Yes the picture helps. That's a very common problem. I see you've taken some steps in helping to remedy the problem. i.e. the lint filter (screen) over your washing machine discharge is a good idea. The biggest problem however, is that you have (what was a common set-up at the time), the kitchen and laundry tied into the same 1 1/2 or 2" galvanized drain line (can't tell size from the pic). If it's 1 1/2" it's undersized. 2" is required for kitchen and laundry. Additionally, the kitchen and laundry drains are the two most likely in the house for being subject to abuse. i.e. grease, food waste, soap scum, etc. from the kitchen; and virtually the same including including lint from the laundry. The two discharging into an old galvanized drainage system is trouble waiting to happen. The inside of that pipe is probably necked down to less than 1/2" in spots due to build-up of grease waste, lint, etc. The only cure is to re-plumb (eliminate the old galvanized). The only way to avoid that; but still greatly improve the flow characteristics, would be to jet the line out with a high pressure jetter. Jet the line from the cleanout under the kitchen sink, all the way to where that line ties into the 4" main. Keep in mind, this can make a huge mess if you're not careful. If you're not comfortable doing it yourself, hire a professional.
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Old 03-14-2012, 06:19 AM   #10
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Yes the picture helps. That's a very common problem. I see you've taken some steps in helping to remedy the problem. i.e. the lint filter (screen) over your washing machine discharge is a good idea. The biggest problem however, is that you have (what was a common set-up at the time), the kitchen and laundry tied into the same 1 1/2 or 2" galvanized drain line (can't tell size from the pic). If it's 1 1/2" it's undersized. 2" is required for kitchen and laundry. Additionally, the kitchen and laundry drains are the two most likely in the house for being subject to abuse. i.e. grease, food waste, soap scum, etc. from the kitchen; and virtually the same including including lint from the laundry. The two discharging into an old galvanized drainage system is trouble waiting to happen. The inside of that pipe is probably necked down to less than 1/2" in spots due to build-up of grease waste, lint, etc. The only cure is to re-plumb (eliminate the old galvanized). The only way to avoid that; but still greatly improve the flow characteristics, would be to jet the line out with a high pressure jetter. Jet the line from the cleanout under the kitchen sink, all the way to where that line ties into the 4" main. Keep in mind, this can make a huge mess if you're not careful. If you're not comfortable doing it yourself, hire a professional.

I had a feeling I needed to jet the line but was trying to avoid it because of the expense and wasn't sure where to jet from. So, that helps immensely!!! Thanks ever so much....I'll let you know what happens.
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Old 03-20-2012, 10:39 AM   #11
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Yes the picture helps. That's a very common problem. I see you've taken some steps in helping to remedy the problem. i.e. the lint filter (screen) over your washing machine discharge is a good idea. The biggest problem however, is that you have (what was a common set-up at the time), the kitchen and laundry tied into the same 1 1/2 or 2" galvanized drain line (can't tell size from the pic). If it's 1 1/2" it's undersized. 2" is required for kitchen and laundry. Additionally, the kitchen and laundry drains are the two most likely in the house for being subject to abuse. i.e. grease, food waste, soap scum, etc. from the kitchen; and virtually the same including including lint from the laundry. The two discharging into an old galvanized drainage system is trouble waiting to happen. The inside of that pipe is probably necked down to less than 1/2" in spots due to build-up of grease waste, lint, etc. The only cure is to re-plumb (eliminate the old galvanized). The only way to avoid that; but still greatly improve the flow characteristics, would be to jet the line out with a high pressure jetter. Jet the line from the cleanout under the kitchen sink, all the way to where that line ties into the 4" main. Keep in mind, this can make a huge mess if you're not careful. If you're not comfortable doing it yourself, hire a professional.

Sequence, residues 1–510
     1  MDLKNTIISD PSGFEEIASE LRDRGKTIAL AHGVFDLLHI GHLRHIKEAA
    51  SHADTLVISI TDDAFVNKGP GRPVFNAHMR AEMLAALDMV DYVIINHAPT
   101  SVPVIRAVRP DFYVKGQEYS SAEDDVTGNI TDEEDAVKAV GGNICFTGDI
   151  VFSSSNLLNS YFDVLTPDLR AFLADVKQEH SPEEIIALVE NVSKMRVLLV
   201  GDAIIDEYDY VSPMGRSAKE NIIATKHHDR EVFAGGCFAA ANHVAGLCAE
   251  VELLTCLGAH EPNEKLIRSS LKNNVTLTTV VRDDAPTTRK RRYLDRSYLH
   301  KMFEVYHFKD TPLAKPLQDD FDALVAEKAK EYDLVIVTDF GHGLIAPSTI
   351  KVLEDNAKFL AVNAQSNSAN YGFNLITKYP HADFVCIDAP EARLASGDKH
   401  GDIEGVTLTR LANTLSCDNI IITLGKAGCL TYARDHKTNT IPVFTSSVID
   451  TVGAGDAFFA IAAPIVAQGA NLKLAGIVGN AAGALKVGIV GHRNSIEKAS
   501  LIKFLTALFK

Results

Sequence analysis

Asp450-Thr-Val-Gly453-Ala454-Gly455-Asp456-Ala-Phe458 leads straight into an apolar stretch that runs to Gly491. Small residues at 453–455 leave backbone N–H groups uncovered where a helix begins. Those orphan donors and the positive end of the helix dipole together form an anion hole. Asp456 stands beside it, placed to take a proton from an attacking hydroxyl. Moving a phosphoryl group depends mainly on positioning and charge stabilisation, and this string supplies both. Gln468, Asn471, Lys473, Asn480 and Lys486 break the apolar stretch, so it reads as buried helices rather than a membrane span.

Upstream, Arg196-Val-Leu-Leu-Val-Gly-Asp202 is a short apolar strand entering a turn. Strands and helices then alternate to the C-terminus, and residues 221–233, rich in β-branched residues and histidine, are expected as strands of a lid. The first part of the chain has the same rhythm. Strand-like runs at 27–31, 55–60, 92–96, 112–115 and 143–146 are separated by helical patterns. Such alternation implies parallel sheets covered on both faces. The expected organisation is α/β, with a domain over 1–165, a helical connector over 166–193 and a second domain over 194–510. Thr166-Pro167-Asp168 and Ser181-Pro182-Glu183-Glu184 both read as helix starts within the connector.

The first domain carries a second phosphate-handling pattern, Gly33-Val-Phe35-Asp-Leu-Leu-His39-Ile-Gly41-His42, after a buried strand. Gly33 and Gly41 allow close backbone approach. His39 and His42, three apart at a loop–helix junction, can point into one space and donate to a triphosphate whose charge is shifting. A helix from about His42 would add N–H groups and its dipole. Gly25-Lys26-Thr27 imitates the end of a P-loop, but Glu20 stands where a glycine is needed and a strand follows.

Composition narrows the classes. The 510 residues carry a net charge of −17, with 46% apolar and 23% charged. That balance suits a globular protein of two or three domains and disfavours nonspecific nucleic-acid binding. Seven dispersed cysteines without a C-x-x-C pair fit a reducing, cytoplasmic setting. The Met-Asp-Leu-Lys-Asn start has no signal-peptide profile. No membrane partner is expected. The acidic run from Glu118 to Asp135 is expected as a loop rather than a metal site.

Well, I had Roto Rooter come to the house on Saturday and he didn't want to jet from the kitchen (he said it would make too much of a mess) so he instead jetted from the vent pipe. Besides the mess I had to clean up in the basement (2 hrs) and the cost ($1500) it worked! I ran the dishwasher and a load of laundry at the same time on Saturday night and it went down perfectly!!! Thanks!!!!
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Old 03-20-2012, 11:34 AM   #12
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Well, I had Roto Rooter come to the house on Saturday and he didn't want to jet from the kitchen (he said it would make too much of a mess) so he instead jetted from the vent pipe. Besides the mess I had to clean up in the basement (2 hrs) and the cost ($1500) it worked! I ran the dishwasher and a load of laundry at the same time on Saturday night and it went down perfectly!!! Thanks!!!!
Glad it works. $1,500 and they had you clean up the mess? Hmm interesting